New coping skills help client move toward recovery

Authored by: Community Support Services

The path that led Jay Robinson to CSS was littered with childhood trauma, abuse, heartbreak, drug use, prison and homelessness. And anger – lots of anger.

Jay consistently responded to situations with anger. It’s an emotion that has landed him in many bad situations. “My anger gets the best of me,” he admits. Over the years, Jay turned to drugs to cope with his anger, calm him down and stop the voices in his head. The combination of substance abuse and his angry outbursts resulted in him being kicked out of numerous housing situations. At one point, he was living on the streets.

Over the years, Jay has been involved with several CSS programs to help steer him onto the right path. He recently found success through a 12-week anger management course at CSS and experienced months of sobriety after years of substance use. He’s become more spiritual and has begun journaling, meditating and practicing martial arts. He wants to learn to swim – a goal he set to overcome a fear of water that resulted from a traumatic childhood experience.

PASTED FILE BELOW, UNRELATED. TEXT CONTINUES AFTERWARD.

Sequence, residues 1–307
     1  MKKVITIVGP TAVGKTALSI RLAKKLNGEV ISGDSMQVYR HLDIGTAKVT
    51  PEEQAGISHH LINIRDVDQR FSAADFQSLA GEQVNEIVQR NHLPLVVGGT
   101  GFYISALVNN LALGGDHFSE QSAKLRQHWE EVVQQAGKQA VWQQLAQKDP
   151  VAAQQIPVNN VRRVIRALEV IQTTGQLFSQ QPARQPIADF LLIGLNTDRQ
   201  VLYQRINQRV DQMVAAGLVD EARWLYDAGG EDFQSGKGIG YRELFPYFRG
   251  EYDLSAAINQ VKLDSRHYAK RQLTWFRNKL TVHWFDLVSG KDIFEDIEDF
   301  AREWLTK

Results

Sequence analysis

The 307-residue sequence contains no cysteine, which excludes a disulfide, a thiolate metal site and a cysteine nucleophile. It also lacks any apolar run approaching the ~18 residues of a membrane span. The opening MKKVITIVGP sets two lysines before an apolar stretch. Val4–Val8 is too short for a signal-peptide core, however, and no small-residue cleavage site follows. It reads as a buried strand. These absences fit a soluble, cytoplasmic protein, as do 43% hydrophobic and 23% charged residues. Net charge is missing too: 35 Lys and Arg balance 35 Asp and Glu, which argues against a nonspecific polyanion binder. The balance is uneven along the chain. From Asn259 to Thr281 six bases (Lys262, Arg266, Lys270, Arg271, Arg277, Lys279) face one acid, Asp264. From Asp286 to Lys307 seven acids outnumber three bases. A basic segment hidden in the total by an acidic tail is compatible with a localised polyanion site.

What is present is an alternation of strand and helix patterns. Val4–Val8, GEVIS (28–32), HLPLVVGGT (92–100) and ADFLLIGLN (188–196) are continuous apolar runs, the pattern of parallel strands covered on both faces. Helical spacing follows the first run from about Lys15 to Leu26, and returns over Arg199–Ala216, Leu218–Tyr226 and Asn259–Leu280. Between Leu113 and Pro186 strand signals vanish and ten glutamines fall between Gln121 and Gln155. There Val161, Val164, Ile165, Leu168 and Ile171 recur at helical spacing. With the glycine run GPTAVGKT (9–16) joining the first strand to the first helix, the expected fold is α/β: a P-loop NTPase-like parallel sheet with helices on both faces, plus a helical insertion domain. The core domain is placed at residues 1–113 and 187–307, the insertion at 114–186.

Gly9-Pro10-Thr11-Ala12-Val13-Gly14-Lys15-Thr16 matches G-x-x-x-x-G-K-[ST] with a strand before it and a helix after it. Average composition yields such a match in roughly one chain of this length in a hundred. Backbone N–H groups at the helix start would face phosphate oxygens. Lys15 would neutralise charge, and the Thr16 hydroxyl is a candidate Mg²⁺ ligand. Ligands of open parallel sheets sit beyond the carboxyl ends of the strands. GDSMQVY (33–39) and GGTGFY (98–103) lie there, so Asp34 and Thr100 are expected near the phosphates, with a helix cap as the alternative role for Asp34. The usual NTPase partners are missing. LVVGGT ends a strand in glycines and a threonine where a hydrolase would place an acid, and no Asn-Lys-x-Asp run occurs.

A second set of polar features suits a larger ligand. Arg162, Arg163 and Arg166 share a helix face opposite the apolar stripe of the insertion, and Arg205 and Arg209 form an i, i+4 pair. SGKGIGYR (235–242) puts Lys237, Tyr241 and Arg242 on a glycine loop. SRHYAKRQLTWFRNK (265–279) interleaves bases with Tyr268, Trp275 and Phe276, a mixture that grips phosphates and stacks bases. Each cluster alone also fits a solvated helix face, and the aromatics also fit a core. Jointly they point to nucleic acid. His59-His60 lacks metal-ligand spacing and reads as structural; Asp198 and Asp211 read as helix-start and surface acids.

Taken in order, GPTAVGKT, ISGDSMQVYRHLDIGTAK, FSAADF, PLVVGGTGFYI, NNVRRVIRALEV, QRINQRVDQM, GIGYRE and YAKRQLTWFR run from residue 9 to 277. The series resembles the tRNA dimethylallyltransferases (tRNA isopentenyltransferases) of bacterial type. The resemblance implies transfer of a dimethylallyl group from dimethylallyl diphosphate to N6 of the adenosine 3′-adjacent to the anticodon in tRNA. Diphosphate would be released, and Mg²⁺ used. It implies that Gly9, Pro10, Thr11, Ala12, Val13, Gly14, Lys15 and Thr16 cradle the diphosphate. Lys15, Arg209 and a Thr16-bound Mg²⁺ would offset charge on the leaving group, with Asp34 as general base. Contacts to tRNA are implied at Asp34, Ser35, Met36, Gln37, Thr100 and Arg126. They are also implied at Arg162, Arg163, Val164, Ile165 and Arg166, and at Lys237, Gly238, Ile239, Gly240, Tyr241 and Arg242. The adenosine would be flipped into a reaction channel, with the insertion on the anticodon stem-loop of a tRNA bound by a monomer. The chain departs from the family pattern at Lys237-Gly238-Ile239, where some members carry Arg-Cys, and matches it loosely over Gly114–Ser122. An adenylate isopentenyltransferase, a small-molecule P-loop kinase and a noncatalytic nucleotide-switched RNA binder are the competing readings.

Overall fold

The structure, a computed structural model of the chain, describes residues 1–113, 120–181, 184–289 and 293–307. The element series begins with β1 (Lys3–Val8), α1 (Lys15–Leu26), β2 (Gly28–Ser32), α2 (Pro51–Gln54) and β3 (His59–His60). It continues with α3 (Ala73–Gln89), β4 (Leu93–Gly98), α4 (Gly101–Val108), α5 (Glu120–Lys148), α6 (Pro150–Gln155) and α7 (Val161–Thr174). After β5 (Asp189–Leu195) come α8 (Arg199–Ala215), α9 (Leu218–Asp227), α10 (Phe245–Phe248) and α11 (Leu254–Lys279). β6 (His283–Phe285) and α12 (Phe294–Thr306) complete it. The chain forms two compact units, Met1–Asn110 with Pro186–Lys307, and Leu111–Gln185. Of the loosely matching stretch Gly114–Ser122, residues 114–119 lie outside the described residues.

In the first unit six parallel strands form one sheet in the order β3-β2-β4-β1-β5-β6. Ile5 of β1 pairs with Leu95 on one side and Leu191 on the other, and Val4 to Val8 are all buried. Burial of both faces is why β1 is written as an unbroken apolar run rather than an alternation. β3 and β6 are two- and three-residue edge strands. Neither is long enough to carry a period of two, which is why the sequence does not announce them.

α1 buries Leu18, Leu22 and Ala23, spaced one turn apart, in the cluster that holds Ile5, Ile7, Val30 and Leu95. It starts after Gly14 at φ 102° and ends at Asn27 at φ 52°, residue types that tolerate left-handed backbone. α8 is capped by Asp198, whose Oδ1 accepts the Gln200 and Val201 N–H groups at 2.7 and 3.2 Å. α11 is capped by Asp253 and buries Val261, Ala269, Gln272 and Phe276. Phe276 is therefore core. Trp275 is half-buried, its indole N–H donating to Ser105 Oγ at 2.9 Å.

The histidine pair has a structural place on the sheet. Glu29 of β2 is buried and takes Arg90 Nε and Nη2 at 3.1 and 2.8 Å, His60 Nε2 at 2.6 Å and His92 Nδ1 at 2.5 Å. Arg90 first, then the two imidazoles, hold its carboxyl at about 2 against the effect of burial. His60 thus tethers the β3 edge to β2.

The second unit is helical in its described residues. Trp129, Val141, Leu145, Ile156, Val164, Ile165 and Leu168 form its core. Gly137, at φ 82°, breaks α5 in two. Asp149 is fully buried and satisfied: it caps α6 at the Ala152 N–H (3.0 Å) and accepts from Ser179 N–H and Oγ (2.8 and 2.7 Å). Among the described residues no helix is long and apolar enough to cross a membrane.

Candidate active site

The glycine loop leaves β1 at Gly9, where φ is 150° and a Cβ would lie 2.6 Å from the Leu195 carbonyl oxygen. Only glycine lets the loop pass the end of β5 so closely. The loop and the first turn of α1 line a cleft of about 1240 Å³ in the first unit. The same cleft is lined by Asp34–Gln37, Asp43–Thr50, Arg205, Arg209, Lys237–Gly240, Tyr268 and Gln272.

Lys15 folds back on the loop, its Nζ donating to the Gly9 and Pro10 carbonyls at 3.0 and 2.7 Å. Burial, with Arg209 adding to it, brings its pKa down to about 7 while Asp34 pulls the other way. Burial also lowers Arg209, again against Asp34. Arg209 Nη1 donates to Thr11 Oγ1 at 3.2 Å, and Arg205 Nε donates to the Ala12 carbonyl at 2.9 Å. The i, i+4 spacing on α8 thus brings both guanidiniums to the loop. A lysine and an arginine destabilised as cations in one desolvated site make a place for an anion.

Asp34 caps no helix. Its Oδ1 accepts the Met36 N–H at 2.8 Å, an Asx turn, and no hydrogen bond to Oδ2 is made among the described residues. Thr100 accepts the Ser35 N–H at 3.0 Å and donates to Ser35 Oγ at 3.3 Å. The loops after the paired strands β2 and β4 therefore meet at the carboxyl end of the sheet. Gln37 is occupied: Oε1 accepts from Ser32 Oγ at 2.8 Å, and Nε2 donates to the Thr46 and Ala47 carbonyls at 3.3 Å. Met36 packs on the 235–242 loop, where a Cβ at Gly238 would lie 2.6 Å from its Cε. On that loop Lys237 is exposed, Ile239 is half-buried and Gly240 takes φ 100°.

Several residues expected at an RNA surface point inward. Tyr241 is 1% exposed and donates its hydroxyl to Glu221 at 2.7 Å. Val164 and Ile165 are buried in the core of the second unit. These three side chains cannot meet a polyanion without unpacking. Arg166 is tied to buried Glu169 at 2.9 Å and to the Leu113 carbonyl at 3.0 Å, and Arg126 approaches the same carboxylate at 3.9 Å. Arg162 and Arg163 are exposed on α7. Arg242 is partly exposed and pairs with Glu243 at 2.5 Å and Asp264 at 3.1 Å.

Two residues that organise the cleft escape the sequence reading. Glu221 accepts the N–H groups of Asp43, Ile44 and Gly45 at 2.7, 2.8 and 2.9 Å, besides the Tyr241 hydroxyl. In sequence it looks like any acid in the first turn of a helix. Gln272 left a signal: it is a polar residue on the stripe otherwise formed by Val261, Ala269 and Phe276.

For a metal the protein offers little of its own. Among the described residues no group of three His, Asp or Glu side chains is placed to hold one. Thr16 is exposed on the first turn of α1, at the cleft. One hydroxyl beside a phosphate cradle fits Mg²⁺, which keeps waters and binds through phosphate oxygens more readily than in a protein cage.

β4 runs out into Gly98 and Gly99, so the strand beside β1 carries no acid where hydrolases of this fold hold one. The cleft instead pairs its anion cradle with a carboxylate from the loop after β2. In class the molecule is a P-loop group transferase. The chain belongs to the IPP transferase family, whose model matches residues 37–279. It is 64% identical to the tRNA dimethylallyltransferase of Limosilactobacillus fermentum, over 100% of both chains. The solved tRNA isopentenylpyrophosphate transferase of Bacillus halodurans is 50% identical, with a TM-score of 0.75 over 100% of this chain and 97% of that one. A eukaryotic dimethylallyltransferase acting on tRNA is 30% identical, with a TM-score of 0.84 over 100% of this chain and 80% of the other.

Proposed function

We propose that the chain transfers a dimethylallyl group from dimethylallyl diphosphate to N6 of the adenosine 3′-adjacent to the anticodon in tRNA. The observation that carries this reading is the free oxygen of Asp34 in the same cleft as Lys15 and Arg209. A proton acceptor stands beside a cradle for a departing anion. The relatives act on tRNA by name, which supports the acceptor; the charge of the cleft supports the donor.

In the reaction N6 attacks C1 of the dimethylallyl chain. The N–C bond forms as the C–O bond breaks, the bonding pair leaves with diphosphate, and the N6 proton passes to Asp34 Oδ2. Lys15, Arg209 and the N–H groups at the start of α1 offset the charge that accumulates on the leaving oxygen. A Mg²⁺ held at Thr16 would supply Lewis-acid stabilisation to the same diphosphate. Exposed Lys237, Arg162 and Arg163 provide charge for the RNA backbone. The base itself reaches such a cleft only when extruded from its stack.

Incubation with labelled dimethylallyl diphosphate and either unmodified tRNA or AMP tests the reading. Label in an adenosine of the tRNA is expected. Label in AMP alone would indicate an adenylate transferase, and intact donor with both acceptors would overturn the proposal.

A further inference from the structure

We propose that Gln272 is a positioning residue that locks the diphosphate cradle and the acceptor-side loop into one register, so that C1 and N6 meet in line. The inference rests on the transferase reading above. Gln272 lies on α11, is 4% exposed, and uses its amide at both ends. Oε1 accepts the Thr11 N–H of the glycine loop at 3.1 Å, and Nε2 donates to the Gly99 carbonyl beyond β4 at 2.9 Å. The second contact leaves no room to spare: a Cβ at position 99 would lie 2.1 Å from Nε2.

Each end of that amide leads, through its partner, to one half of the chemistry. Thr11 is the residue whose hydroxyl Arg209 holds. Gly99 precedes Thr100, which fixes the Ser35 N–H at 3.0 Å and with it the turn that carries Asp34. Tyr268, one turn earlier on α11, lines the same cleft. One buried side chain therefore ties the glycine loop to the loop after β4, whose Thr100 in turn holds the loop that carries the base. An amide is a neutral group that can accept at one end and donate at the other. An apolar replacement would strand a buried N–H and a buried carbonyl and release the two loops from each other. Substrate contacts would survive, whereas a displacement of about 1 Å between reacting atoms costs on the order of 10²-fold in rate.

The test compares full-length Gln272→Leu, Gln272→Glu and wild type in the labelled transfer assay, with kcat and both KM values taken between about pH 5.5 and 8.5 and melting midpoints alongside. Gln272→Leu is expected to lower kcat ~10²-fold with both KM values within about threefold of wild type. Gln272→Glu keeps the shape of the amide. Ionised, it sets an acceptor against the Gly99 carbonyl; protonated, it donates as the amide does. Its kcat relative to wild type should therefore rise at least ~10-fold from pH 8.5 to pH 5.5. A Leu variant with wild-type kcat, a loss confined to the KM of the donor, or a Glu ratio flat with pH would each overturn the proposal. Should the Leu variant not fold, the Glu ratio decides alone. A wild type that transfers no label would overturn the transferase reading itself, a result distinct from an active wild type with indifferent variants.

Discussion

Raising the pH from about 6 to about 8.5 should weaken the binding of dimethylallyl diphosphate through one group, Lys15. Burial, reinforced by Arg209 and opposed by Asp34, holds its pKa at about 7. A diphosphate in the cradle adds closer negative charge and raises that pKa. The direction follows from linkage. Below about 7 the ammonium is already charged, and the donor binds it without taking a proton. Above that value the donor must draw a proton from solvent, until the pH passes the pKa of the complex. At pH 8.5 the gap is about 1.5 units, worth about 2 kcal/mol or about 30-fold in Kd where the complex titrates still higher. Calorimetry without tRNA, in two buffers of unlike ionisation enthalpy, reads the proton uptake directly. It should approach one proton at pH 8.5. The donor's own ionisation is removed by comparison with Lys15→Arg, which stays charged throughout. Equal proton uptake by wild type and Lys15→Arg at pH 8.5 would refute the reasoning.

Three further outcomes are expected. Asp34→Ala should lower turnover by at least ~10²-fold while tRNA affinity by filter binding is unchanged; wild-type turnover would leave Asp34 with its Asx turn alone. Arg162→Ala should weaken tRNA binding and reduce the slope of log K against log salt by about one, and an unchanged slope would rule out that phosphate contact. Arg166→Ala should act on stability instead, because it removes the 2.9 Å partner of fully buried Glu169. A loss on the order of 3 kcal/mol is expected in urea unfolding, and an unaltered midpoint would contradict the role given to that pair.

"I'm just trying to be a better person," he said.

While Jay admits he still gets angry, the changes in his demeanor have resulted in the most stable living situation he’s experienced in a long time. He is an active participant in day treatment, and his participation in CSS groups has changed from being disruptive to being constructive and insightful.

“I would hold things in until I explode,” he said. In group, “I talk about my feelings. I’m learning forgiveness. I learned that if you put your mind to it, you can overcome anything that comes your way.”

Jay’s current goals include staying sober, being compliant with his medications, and continued participation in his CSS groups. He believes the support will help keep him going.

“CSS saved my life. CSS is my family,” he said. “I care about CSS. That’s why I’m still around. They see something good in me.”